When I say I have a MLIS, the usual next question is “what’s that?” To which I respond by saying the full name of the degree it took me 2 years to complete. It’s been my observation that many people don’t know it usually takes an advanced degree to become a librarian. Should it though?
The first educational program for students to study Library Science was “founded at Columbia University, by Melvil Dewey, in 1887.” Over the next several decades, other library schools took shape. Now there are, according to the ALA, 64 educational institutions offering accredited programs for some type of librarianship.
I posted a poll in a librarian group on Facebook to get a better idea of what others in the library community think. It didn’t take long before numerous votes and replies piled in.
These results were the latest as of 7:30pm Thursday March 24, 2022:
There were three options initially but as you can see a fourth and fifth were added. The responses to this ranged widely, and certainly sparked some debate. Some were lighthearted replies and other were clearly agitated. No consensus was reached, but one was not expected either. Instead with the added poll categories there was more variation in opinion voiced.
A well-liked response posted by Joshua K. stated “Given that an MLIS is as much management training as it is academics, there should be undergraduate and associate training programs that promote a variety of options for those looking to pursue a career in libraries. If you just want to be a happy worker bee in the cataloging department? Cert training in the field. Run a massive metropolitan system with a budget of millions? Get the masters.” This received 26 likes and hearts, and was one of the first responses to the poll. It makes sense though, as many library staff positions are filled with people who do not have a MLIS/MLS.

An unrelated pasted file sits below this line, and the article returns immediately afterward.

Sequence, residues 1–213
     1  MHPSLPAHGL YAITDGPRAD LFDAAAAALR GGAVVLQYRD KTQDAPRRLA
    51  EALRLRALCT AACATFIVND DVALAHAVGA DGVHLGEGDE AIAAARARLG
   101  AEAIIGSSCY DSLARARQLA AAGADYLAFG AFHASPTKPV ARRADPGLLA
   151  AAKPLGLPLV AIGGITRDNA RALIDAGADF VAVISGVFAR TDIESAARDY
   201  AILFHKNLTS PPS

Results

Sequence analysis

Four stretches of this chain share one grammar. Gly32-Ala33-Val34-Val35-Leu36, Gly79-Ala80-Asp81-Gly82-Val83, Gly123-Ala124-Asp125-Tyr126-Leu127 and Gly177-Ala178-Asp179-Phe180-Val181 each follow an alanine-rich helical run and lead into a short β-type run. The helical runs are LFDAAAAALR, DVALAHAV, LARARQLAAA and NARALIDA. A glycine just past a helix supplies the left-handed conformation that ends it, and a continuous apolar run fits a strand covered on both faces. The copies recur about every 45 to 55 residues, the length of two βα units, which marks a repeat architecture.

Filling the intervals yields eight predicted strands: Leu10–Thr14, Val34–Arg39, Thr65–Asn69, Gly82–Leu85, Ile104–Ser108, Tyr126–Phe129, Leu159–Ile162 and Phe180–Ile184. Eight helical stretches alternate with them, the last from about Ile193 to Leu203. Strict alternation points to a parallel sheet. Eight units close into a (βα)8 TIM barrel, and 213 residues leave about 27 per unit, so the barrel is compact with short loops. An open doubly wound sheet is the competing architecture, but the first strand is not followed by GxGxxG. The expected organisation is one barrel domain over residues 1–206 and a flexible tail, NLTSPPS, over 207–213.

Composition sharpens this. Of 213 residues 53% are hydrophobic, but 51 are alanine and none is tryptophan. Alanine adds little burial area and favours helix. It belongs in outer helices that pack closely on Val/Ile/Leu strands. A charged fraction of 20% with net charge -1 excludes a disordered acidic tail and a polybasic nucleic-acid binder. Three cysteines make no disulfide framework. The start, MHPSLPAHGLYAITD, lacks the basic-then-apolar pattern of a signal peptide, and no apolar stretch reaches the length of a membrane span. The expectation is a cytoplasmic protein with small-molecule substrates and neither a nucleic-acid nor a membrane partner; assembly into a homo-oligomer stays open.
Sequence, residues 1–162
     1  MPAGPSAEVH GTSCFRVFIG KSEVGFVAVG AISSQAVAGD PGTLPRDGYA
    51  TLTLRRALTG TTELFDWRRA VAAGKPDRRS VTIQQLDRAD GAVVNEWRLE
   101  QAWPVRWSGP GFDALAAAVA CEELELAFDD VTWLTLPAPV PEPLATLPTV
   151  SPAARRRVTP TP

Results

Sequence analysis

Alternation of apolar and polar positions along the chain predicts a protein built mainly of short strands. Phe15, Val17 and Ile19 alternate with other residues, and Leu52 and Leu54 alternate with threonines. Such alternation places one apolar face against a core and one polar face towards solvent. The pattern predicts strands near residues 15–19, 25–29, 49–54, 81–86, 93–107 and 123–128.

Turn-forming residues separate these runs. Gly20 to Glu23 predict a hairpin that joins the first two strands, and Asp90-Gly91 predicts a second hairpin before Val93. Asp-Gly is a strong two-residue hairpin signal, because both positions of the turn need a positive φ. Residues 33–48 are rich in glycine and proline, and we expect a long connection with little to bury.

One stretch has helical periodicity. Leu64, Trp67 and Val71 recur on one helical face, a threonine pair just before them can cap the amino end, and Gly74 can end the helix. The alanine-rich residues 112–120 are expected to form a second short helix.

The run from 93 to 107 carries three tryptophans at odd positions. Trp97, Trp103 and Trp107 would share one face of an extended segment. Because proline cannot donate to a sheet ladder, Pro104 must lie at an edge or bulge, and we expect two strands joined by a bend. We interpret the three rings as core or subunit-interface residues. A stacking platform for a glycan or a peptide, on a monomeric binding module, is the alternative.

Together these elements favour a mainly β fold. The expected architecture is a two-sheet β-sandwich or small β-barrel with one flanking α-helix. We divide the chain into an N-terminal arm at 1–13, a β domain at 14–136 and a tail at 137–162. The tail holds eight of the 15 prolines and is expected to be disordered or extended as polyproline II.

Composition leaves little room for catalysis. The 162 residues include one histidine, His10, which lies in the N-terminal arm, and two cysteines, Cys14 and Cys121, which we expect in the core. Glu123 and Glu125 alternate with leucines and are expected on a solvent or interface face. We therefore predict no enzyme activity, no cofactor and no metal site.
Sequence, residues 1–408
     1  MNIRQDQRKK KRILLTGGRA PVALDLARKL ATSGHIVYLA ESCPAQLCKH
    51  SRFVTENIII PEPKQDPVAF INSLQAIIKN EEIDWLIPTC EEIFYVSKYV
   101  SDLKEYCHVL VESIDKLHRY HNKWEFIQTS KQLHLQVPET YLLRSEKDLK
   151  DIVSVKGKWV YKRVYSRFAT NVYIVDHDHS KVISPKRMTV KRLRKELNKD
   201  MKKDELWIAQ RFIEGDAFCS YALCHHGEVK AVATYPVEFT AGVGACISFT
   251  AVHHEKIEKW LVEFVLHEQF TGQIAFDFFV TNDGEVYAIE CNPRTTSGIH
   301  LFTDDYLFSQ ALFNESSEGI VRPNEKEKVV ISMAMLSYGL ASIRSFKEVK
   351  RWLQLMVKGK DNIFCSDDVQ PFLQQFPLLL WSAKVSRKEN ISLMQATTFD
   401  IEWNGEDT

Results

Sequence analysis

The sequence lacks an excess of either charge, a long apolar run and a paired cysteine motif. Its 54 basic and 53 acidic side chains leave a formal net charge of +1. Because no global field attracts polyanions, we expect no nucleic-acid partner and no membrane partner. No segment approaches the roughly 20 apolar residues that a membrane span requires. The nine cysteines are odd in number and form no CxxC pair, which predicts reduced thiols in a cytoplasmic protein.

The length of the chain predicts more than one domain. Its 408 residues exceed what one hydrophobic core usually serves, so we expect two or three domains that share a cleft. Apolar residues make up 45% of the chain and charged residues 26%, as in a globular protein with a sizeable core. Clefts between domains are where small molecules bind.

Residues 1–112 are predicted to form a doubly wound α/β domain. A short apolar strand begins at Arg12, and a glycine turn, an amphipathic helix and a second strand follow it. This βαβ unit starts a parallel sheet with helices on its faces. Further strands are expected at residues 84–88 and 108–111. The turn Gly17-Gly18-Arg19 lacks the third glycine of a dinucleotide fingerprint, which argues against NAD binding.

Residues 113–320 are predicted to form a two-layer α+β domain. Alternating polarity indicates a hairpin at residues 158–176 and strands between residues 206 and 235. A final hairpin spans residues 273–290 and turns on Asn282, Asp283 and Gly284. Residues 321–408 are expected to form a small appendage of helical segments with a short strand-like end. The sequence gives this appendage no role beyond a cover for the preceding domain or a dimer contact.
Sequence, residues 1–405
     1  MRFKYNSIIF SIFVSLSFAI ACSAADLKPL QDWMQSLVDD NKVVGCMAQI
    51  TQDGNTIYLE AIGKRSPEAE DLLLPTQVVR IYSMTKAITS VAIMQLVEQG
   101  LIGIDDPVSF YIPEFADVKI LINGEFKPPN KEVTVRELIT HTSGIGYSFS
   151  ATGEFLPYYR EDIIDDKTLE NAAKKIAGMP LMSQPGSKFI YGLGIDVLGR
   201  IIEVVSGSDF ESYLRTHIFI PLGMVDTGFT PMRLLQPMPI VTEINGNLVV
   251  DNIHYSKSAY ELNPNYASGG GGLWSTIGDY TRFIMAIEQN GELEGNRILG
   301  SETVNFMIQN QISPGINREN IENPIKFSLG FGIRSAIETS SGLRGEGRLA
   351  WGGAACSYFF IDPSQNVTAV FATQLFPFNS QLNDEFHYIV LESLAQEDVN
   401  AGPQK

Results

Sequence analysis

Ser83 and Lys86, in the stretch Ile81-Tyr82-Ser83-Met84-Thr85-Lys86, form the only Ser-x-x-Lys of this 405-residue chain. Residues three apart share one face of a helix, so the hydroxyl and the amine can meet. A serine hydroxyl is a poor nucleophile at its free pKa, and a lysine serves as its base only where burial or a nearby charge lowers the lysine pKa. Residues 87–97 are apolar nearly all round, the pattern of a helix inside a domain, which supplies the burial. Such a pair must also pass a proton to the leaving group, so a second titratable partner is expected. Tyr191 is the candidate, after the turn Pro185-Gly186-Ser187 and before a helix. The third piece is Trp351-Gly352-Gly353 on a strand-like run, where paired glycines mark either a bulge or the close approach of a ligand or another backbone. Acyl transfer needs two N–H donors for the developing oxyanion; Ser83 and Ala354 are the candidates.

Having more diverse options available from the get go was brought up by another responder. Susan stated, “In our modern world, starting with associates programs that can step up to undergraduate and advanced degrees would help more people. It would certainly improve the skills of lower level applicants.” If this type of degree hierarchy existed it would likely look something like nurse programs. Where the student starts as a CNA first before moving up as they gain more certifications or a degree. This would even be a good option for those who are in underprivileged populations and would like to pursue a career in information science.
Library type work can be done in just about any field, but having options would certainly benefit more people. As Nathan M. points out in his response to the poll, “I think options are good. An undergrad degree could be a good option for non-managers, and a grad degree for managers. Would allow further specialization between the two. A certificate as a third option for those with an undergrad degree not in library science, would also be rad for this envisioned system.” This also makes sense and is similar to what the others have said. A more advanced degree could be required for those who wish to pursue a more prestigious role. An associate level position, considering the lower pay that often coincides, could realistically require nothing more than a certificate or two.
The results above in the final updated poll show that the majority (306 votes) still believe an advanced degree is necessary to be a librarian. The next (201 votes) was for a category added by one of the voters which states “undergraduate program with option to do the advanced degree (similar to educations path).” 77 votes were all for a certificate program being sufficient, and 26 votes for incorporating both certificates and degrees.
14 people agreed that either is fine so long as coffee or tea is nearby. As many librarians know being caffeinated and warm is important to daily life. The final category was added by another voter and reiterated to some extent what the previous categories stated.
The votes and responses all did agree on one important thing. That some type of specialized education should be required for those who wish to be librarians.
By Gretchen Hendrick Gardella, MLIS
Gretchen Hendrick Gardella is a Librarian with administrative, research, and vast technical skills. Ms. Gardella brings over 16 years of experience working in academic and public libraries to the discussion.